21st May 2024

Doing Shading in Glass Painting.

Doing Shading in Glass Painting.
Doing Shading in Glass Painting.

Doing Shading in glass painting is such a simple technique but it can, at times , make a real difference to the look. Changing some that previously looked flat into something with depth. It isn’t a technique I would use all the time. In fact there are many situations where it wouldn’t suit. For example if you were trying to replicate traditional stained glass. There are however many times when it can make your work look better.Flowers, animals and cartoon/manga / super hero type designs.

There are two main ways of achieving the shaded look. One is easier and the other is even easier!

Whichever method you use you MUST ensure you paint is totally dry before you start. If it isn’t it will ruck up and look pretty bad.

Doing Shading in Glass Painting.


Doing Shading in Glass Painting. Technique 1. Double colour.

This first simple technique involves going over certain areas of your work again with the same colour you first used. So if the base is orange, you do a second layer of orange etc. etc. The thicker the second coat then the darker the shading will be.

This technique only works on transparent colours. It doesn’t work on the more opaque types of glass paint such as Fantasy Moon and Prisme.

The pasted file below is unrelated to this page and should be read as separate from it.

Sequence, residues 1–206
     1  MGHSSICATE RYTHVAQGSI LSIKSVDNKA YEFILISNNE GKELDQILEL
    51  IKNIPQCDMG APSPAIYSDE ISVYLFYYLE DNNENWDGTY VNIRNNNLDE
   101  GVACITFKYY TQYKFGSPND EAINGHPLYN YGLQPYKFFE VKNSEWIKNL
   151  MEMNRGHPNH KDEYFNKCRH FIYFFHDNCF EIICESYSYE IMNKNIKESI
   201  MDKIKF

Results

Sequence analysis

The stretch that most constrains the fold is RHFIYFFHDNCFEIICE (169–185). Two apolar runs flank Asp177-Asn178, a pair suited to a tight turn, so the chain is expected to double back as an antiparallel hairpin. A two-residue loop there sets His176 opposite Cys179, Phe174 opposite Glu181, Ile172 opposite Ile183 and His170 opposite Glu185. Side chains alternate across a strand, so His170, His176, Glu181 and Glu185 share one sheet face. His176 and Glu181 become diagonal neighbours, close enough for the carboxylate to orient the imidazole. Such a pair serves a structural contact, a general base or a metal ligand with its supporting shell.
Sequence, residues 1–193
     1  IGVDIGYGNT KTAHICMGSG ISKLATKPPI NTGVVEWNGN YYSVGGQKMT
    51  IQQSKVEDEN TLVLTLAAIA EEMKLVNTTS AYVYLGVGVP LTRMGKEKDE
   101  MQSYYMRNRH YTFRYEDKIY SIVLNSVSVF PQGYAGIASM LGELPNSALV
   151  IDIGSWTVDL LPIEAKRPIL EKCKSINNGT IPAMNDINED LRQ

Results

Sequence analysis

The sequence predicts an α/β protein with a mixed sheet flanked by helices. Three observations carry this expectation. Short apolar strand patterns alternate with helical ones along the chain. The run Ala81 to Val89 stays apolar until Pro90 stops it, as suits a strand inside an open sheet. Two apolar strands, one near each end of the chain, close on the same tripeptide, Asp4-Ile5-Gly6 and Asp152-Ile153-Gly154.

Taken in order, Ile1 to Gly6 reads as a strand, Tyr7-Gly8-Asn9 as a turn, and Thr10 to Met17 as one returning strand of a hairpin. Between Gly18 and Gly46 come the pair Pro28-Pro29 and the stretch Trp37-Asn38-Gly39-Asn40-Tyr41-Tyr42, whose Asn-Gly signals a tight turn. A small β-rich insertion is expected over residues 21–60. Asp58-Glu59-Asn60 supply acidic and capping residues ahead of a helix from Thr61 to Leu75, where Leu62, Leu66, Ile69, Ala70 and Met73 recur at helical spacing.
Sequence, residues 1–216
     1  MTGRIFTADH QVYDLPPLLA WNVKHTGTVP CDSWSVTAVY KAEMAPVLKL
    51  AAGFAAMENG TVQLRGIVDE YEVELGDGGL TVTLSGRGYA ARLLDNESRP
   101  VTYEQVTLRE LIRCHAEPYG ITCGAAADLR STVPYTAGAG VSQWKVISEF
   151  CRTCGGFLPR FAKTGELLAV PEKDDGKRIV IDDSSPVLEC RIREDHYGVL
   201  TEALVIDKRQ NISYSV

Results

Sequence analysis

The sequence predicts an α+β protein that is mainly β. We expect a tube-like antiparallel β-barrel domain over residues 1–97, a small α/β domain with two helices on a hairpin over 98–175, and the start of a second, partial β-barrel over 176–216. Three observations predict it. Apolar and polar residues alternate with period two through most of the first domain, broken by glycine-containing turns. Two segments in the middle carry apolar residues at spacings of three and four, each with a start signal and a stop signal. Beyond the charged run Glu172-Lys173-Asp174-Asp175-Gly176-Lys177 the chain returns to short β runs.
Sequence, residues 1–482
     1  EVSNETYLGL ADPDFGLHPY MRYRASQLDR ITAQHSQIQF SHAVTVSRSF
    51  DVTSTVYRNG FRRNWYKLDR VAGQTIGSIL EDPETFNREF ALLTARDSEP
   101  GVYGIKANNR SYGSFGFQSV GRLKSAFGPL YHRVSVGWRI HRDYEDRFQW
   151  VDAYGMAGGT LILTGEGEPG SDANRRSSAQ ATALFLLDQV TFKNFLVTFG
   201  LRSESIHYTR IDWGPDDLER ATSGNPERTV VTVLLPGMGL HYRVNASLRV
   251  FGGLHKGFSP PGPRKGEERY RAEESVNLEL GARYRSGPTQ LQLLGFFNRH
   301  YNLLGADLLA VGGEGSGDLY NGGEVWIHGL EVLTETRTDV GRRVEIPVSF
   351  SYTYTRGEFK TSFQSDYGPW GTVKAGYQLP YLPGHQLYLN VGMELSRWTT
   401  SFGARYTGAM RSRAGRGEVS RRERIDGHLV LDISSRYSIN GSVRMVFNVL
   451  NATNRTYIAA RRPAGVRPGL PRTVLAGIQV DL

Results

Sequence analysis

Shading on Iron Man.
Shading on Iron Man.

Doing Shading in Glass Painting. Technique 2. Grey Paint.

For this technique I mixed up a small bottle of grey paint. This was made by just combining clear glass paint with a few drops of black. Again the amount of paint you put on will determine how dark the shading is but also with this technique, will how light or dark you have made the grey mixture. As is so often the case a bit of testing will help you get it right before you risk it on a proper piece of work.

Once you original painting it totally dry (I normally give it 4 or 5 days) just use the grey in the areas you would like shaded.


I should point out right away that I use this technique with Pebeo Vitrail glass paints. I don’t see why it wouldn’t work with other brands but you should test first to ensure it does. Maybe if you do use other brands you could comment below and let us know how you get on.

Originally I preferred the double colour method but the grey method has gown on me over time. The grey tend to give a more authentic shadow look so I think I will be mostly sticking to that in future.

I hope you find this technique useful.

Happy Crafting.

Yours, Bob.

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